Levin and Philippson thus presented two opposing positions regarding the linguistic future of the university. Philippson, a believer in the superiority of the German language, was not the only one to express concerns regarding the suitability of Hebrew. Even Chaim Weizmann, one of the driving forces behind the university, acknowledged the linguistic problem. However, Weizmann and other Hebraists were also confident in the progress of Hebrew towards the required standard, as most of them were acquainted with its linguistic, literary, and cultural advancement in previous years. Moreover, during the previous decade, dozens upon dozens of accounts in the Eastern European Jewish press had praised the wonders of Hebrew in the Yishuv, where it functioned as a living language in schools and on the streets. These reports were not always accurate, but Jewish public opinion in Eastern Europe was much more ready to accept the possibility of higher education in Hebrew than German Jews outside of Zionist circles. Aloof to this Hebrew discourse, Philippson recommended that the Zionist Organization reverse the plan immediately and »divert from this pernicious path.«»Wir hegen zu der Einsicht der zionistischen Leitung das feste Vertrauen, daß sie bald von diesem verderblichen Wege ablenken wird. Um so mehr, als er ein unmöglicher ist.« Instead, he suggested employing a combination of German, Arabic, and Hebrew, which would preserve the scientific status of the future university, its connection to its area, and its Jewish character.
The minor disagreement between Philippson and Levin in 1913 was a prelude to later events. Less than three weeks after their exchange, Levin withdrew from the board of the Technion in protest after it had passed a decision to teach all non-Jewish subjects in the institute in German. Philippson, who was also a member of the same board, suggested a compromise at the meeting according to which history and geography would be taught in Hebrew in the Technion’s adjacent Realschule. Over the following months, this conflict escalated into the so-called »Battle of Languages,« with the arguments made by Philippson and Levin being reprised in hundreds of articles across the Jewish press. Eventually, the position represented by Levin prevailed and led to the victory of the Hebraists over the Germanists.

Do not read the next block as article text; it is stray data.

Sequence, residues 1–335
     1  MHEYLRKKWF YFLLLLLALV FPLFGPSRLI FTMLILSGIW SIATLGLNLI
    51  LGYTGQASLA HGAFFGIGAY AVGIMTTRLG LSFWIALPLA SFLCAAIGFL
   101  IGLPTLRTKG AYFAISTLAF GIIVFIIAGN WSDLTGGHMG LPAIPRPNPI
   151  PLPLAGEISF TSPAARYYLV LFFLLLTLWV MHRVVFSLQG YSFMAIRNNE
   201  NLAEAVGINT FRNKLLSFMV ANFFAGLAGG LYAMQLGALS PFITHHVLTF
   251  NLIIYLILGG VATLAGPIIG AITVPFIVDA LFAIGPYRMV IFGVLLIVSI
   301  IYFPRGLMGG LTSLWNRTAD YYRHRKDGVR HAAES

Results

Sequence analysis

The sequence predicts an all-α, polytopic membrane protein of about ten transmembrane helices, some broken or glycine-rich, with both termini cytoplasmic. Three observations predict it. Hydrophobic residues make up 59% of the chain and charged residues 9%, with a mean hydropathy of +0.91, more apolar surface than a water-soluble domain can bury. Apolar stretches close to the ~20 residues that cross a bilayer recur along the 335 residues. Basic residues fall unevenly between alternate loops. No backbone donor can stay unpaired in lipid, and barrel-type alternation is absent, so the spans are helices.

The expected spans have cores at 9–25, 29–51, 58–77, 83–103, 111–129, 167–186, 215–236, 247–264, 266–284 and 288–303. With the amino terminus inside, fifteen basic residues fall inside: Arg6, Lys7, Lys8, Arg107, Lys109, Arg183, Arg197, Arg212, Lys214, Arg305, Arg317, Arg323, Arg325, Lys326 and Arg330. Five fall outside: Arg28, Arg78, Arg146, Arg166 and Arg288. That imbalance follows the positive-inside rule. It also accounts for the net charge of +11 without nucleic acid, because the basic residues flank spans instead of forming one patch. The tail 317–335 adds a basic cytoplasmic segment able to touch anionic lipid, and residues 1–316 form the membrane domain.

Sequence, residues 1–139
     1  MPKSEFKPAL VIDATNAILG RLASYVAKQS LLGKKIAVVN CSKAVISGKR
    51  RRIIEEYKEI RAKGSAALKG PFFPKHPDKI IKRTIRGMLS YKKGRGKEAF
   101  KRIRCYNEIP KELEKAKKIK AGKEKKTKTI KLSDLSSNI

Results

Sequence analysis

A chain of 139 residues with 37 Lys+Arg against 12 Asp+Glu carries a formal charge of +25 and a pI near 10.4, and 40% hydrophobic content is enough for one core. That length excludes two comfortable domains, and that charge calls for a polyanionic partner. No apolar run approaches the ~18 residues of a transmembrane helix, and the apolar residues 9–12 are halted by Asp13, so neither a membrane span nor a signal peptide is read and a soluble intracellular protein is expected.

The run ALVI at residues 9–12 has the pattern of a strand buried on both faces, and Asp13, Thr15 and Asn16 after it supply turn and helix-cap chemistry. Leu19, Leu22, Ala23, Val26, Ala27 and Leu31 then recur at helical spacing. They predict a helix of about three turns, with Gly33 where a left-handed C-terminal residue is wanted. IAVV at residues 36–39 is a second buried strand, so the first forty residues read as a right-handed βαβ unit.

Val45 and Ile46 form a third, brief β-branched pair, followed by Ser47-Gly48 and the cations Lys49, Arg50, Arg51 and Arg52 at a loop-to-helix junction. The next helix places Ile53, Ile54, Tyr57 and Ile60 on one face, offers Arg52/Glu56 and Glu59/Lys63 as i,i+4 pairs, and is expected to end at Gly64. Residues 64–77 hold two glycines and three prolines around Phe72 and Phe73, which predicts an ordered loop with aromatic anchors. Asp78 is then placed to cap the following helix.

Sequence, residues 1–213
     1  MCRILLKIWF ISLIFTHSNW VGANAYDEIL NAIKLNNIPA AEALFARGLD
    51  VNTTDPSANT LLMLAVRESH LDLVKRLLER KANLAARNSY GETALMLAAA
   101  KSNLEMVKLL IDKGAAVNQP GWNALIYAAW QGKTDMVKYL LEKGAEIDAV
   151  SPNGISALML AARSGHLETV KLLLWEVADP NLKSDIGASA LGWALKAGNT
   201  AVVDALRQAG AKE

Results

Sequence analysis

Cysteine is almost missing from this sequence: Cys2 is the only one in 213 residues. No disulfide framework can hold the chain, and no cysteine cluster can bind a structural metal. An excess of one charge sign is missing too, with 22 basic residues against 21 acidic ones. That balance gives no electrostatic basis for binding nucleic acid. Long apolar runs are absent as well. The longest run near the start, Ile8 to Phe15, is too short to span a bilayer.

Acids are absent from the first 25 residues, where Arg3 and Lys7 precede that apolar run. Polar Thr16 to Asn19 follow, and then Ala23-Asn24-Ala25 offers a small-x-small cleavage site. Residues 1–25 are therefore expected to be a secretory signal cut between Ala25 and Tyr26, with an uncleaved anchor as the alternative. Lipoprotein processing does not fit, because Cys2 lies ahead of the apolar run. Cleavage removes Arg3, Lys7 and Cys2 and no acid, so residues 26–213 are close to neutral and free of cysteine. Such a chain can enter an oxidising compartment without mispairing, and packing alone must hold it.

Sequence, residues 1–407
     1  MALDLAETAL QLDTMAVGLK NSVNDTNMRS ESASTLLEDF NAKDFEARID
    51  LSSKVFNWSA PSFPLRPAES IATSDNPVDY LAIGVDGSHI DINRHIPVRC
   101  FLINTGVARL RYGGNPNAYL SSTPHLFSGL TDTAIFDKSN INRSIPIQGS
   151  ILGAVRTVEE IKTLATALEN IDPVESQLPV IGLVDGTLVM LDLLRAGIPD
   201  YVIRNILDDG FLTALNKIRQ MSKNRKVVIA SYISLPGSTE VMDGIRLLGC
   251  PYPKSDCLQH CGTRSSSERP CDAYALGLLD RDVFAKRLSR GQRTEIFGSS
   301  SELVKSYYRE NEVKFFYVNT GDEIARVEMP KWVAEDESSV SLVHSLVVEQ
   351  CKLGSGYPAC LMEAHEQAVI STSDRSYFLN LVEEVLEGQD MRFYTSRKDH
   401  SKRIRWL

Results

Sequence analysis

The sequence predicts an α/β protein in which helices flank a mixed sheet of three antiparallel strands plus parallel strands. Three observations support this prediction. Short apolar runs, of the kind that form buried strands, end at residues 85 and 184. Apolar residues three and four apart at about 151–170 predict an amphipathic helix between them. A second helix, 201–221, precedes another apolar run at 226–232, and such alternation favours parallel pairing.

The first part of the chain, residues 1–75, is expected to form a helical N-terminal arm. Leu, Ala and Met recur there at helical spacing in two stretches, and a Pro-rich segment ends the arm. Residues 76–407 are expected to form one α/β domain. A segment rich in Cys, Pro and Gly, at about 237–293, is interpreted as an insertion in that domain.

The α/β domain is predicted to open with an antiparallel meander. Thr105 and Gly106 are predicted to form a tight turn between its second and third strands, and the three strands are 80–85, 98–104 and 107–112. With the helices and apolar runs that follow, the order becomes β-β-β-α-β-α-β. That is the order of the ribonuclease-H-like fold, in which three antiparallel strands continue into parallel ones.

Philippson’s arguments regarding the university, as well as the pro-German claims concerning the Technion, were not unjustified from a technical point of view. The failure of his position originated from another source: public opinion. In the early twentieth century, the future of Hebrew was not a topic for intellectuals only, but a matter of genuine interest for many Jews who influenced the decision makers accordingly. For many, successes in the struggle to Hebraize the Technion strengthened belief in the importance and possibility of a Hebrew rather than just a Jewish university. The call for instruction in German and the vivid public discussion on this issue would nevertheless continue to echo well after the foundation of the Hebrew University in 1925.
Meirav Reuveny is a PhD candidate in the department of Jewish History at the Hebrew University of Jerusalem. Her research explores the discourse on the Hebrew language in the Jewish press in Hebrew, Yiddish, and German | meirav.reuveny(at)mail.huji.ac.il
Cover Photo: The Hebrew University at Mount Scopus, 10 September 1938, National Photo Collection of Israel, ID D269-077.